Trump: Xi China's bailout
The U.S. still plans to raise tariffs on Chinese imports in January with President Donald Trump and China’s Xi Jinping likely at best to agree to a “framework” for further talks to resolve trade tensions at an upcoming meeting, Commerce Secretary Wilbur Ross said. The U.S. and China are now discussing the agenda for the two leaders’ meeting on the sidelines of the Nov. 30-Dec. 1 Group of 20 summit in Buenos Aires and what a realistic outcome could be. Bloomberg

Theresa May saught Brexit plan
Theresa May pleaded with her party not to plunge Britain into “deep and grave uncertainty” by rejecting her Brexit deal, as she fought to shore up her authority after a bruising day of resignations and backbench mutiny. At a sombre press conference following a dramatic day of turmoil, the prime minister said she believed “with every fibre of my being” that the 585-page agreement unveiled on Wednesday night was “the right one for our country and all our people”. “If we do not move forward with that agreement, nobody can know for sure the consequences that will follow. It would be to take a path of deep and grave uncertainty when the British people just want us to get on with it,” she said. Guardian
VOA VIEW: Very few trust May's judgment.

Facebook Scandal Swirls
Mark Zuckerberg was reported, again by the The New York Times, with Facebook as a ruthless and selfish corporate behemoth, things are getting better—at least, the way he sees it. In a lengthy call with reporters Thursday, and an equally lengthy "note" published on Facebook, the company's CEO laid out a litany of changes Facebook is making, designed to curb toxic content on the platform and provide more transparency into the decisions on content. But perhaps the most consequential update is that the Facebook News Feed algorithm will now try to limit the spread of sensationalist content on the platform, which represents a major change from how the social network traditionally has approached moderation. All of it is in service of restoring trust in a company whose reputation—and that of its leaders—has taken near constant body blows over the past two years.  Wired
VOA VIEW: Facebook should be sanctioned and split up.

California wildfires: smoke spreads to New York, 3,000 miles away
The US east coast has been provided a firsthand reminder of the deadly California wildfires after smoke swept across the country and caused a haze to envelop the eastern seaboard, including Washington DC and New York City. Hazy skies were reported in several places on the east coast from smoke wafting from 3,000 miles further west, where wildfires in California have killed more than 80 people and razed more than 15,000 homes and other structures. An unusually dense fug shrouded the top of New York City skyscrapers and the sunset was particularly intense due to the smoke particles in the air. “Wow. I knew tonight’s sunset over New York City seemed different, and I should’ve realized,” tweeted Kathryn Prociv, a meteorologist on the Today Show. Guardian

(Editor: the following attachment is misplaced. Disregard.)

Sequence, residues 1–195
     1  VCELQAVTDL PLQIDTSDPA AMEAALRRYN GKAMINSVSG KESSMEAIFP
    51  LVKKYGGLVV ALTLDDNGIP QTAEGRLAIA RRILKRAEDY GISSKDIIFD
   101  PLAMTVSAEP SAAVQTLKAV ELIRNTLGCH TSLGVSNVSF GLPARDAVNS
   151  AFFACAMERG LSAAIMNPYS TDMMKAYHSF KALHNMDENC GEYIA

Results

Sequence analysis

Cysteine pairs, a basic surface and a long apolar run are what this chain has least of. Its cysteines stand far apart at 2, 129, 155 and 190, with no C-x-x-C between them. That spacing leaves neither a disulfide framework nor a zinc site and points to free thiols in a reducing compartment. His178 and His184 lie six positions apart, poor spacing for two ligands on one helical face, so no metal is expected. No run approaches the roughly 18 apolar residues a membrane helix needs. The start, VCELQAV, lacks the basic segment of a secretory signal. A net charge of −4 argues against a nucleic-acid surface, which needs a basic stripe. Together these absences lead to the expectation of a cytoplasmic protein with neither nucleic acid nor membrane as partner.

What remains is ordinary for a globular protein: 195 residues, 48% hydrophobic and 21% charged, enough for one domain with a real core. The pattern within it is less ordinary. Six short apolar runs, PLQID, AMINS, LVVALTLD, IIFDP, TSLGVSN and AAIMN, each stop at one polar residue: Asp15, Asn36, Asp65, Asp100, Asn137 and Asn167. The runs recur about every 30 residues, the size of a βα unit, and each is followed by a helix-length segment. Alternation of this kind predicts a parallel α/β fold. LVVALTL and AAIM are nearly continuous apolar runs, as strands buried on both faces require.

ATTENTION TALK SHOW HOSTS:We are honored that many radio talk show hosts use our Web Portal for their "show prep."  We would appreciate your occasional mention of our site to your audience.  Thanks!

Go ‘beyond-business-as-usual’ to invigorate businesses
“A pragmatic, strategic and evolutionary” approach is needed in the least developed countries to strengthen their public sector capacity, bring about institutional reform and promote policy learning, a new United Nations report has urged. Marred by limited finances, weak infrastructure, and, often, elevated political, economic and environmental risks, people in least developed countries are “forced into” small-scale, low-value economic activities, stifling growth, highlighted the new UNCTAD Least Developed Countries Report 2018, ‘Entrepreneurship for Structural Transformation’. The least developed countries represent most vulnerable segment of the international community; 47 nations that includes most of sub-Saharan Africa, some Asian countries, and several island States. They comprise more than 880 million people (about 12 per cent of world population), but account for less than two per cent of world gross domestic product (GDP) and about one per cent of global trade in goods. UN

Lewinsky finally noticed that stain on her dress
It’s the most infamous stained dress in presidential history, but Monica Lewinsky says when she wore it after her widely chronicled hookup with President Bill Clinton, no one noticed. “I went to dinner that night. None of these people said to me, ‘Hey, you’ve got to go to the bathroom, you’ve got stuff all over your dress,’” Lewinsky said in “The Clinton Affair,” a new A&E series. She said she also didn’t spot the telltale semen stain that proved she and Clinton were more than just friends.
Lewinsky went into detail about the day the piece of evidence was created, as she continued to carry on a years-long relationship with Clinton in the early months of 1997, after he won re-election. New York Post
VOA VIEW: A little late and few care.